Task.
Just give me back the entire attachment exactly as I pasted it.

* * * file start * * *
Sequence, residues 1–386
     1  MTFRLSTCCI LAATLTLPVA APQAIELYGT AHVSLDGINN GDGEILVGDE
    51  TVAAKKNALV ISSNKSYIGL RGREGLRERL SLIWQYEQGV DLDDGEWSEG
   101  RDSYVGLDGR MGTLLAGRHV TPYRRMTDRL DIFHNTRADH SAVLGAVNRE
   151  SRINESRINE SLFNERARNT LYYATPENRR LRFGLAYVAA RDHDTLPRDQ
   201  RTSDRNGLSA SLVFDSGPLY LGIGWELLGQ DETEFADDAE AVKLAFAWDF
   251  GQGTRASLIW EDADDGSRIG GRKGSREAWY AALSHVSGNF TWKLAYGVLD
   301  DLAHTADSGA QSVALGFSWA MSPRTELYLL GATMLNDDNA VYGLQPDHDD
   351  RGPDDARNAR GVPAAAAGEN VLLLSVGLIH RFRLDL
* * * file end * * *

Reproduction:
Sequence, residues 1–386
     1  MTFRLSTCCI LAATLTLPVA APQAIELYGT AHVSLDGINN GDGEILVGDE
    51  TVAAKKNALV ISSNKSYIGL RGREGLRERL SLIWQYEQGV DLDDGEWSEG
   101  RDSYVGLDGR MGTLLAGRHV TPYRRMTDRL DIFHNTRADH SAVLGAVNRE
   151  SRINESRINE SLFNERARNT LYYATPENRR LRFGLAYVAA RDHDTLPRDQ
   201  RTSDRNGLSA SLVFDSGPLY LGIGWELLGQ DETEFADDAE AVKLAFAWDF
   251  GQGTRASLIW EDADDGSRIG GRKGSREAWY AALSHVSGNF TWKLAYGVLD
   301  DLAHTADSGA QSVALGFSWA MSPRTELYLL GATMLNDDNA VYGLQPDHDD
   351  RGPDDARNAR GVPAAAAGEN VLLLSVGLIH RFRLDL